Friday, May 27, 2011

Sometimes we eat healthy: Miso Soup for 2.5

I'm toying with the idea of regularly titling my posts with something pithy or apropos rather than just stating what food I'll be talking about. That would suit me, right? And I don't think it would affect searchability at all.

Hey, Edith, you know what would affect searchability? In a good way? A search option. Or a freaking recipe index. Can you get on that please?

Yes. I can. I will. I promise.


(My mom and sister will be visiting in the next two weeks, so maybe I'll take advantage of their presence (i.e. free, convenient, in-home child care) and go to a coffee shop for two hours (that's as long as I can go between infant feedings) and get it done then. It's not a daunting task. It's just not been something I can prioritize lately and it does sound a little tedious, despite how useful it will be for me and all the people who end up visiting this site (mostly for a mayo-free tartar sauce recipe, based on my Google analytics info).)

But anyway. This post is meant to demonstrate that it's not all cookies and sweet rolls here. Our dinners lately have been uber-healthy and fresh, because we need that to counteract the cookies and sweet rolls, and because we're trying to get ready for the Minnesota CSA season. We're easing into it by getting a lot of herbs and green vegetables from the farmer's market every Saturday. So hopefully by the time our first share arrives we will be so practiced in the art of veggie-centric-meal-making that the amount of leafy greens and young alliums we find in our box won't overwhelm us in the least.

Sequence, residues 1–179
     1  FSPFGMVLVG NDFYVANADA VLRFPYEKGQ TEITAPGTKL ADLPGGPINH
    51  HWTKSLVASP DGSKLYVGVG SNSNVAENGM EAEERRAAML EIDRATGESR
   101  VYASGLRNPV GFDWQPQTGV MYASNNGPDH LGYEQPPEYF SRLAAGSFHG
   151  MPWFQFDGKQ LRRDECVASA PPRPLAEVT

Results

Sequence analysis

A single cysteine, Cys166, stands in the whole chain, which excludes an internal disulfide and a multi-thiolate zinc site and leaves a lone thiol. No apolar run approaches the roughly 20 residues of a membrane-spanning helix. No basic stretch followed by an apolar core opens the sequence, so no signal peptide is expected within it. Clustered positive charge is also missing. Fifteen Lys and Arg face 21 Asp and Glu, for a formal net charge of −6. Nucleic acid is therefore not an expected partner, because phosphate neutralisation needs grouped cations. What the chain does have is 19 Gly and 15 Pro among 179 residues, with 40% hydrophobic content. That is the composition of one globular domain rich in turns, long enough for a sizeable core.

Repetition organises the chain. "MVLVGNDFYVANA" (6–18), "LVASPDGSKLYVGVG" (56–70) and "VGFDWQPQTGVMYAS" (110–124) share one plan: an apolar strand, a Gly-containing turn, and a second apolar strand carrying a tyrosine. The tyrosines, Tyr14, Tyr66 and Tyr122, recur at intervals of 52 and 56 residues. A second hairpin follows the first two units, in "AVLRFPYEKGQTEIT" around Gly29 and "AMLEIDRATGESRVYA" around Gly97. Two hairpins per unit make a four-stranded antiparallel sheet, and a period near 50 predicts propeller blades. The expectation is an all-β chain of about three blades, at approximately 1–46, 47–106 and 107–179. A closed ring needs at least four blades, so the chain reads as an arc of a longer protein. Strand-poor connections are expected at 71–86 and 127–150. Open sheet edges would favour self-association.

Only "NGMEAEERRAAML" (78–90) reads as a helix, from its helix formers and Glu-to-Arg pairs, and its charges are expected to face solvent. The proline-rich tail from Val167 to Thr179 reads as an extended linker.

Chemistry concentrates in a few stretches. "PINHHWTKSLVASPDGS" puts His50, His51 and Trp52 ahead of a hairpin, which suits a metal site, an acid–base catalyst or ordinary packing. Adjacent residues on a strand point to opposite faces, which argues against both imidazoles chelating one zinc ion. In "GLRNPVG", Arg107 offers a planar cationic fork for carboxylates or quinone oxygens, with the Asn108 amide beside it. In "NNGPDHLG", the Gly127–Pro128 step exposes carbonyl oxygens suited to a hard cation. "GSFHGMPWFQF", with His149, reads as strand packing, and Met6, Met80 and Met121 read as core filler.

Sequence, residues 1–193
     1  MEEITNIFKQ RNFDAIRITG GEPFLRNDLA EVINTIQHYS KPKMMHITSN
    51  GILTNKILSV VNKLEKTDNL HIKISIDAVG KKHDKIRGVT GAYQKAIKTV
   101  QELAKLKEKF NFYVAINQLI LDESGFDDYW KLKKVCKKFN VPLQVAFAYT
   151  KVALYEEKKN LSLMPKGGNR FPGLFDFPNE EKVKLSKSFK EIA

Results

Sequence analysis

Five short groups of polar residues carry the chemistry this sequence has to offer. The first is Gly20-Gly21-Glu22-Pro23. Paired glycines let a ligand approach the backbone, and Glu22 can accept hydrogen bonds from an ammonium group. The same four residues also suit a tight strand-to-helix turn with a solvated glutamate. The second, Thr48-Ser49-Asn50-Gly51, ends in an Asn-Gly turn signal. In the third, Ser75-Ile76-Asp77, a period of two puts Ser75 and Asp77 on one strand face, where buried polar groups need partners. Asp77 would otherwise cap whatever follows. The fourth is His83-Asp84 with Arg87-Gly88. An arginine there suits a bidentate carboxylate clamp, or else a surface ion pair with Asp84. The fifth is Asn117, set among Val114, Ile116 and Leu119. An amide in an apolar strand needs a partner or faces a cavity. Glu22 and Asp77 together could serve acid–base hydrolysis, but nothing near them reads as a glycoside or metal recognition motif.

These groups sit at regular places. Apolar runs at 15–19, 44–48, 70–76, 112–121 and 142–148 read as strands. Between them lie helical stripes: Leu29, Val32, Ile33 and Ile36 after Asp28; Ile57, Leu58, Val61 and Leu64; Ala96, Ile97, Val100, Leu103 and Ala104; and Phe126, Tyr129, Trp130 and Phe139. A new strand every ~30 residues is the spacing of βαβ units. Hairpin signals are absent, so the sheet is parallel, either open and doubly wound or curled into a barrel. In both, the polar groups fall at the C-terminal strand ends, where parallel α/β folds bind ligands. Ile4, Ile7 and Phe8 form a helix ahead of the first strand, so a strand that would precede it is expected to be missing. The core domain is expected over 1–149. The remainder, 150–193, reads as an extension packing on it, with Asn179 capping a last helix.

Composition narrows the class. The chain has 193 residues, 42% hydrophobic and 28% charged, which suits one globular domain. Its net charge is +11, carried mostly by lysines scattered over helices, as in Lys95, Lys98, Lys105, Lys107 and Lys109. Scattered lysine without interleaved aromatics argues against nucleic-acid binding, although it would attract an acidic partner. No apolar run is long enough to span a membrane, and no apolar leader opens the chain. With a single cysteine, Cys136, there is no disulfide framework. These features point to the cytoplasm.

miso soup close-up

My go-to vehicles for using up or pumping into my family vegetables are soups, salads and smoothies. Since it's been chillier here than we'd like for it to be in, you know, late May, we ended up eating soup several times this week. This particular miso soup was a favorite because it is lovely, subtly salty (everyone loves a subtly salty soup, right?), and tastes like it's boosting our immune systems a bit. Is it really? I really don't know, but my kids and I have been swapping the sniffles for like five months now, so I'll try anything to get some wellness into this home, scientifically backed or not.

deconstructed miso soup

My toddler's deconstructed portion is what makes the 0.5, by the way. Cute, eh?

miso soup for 2.5 collage

I used soba noodles, sweet white miso, spinach, and baked teriyaki-flavored tofu in this soup. Udon or linguine, any kind of miso, and watercress or bok choy could be substituted for what I used and you could use extra firm plain tofu in place of the baked kind, or you could omit it entirely. (Also, my husband hates them, but if I were eating this myself I would have thrown in a handful of sliced mushrooms with the asparagus and tofu.) My point in this paragraph being this is obviously an anything-goes kind of soup. Knock yourself out. And kick that cold.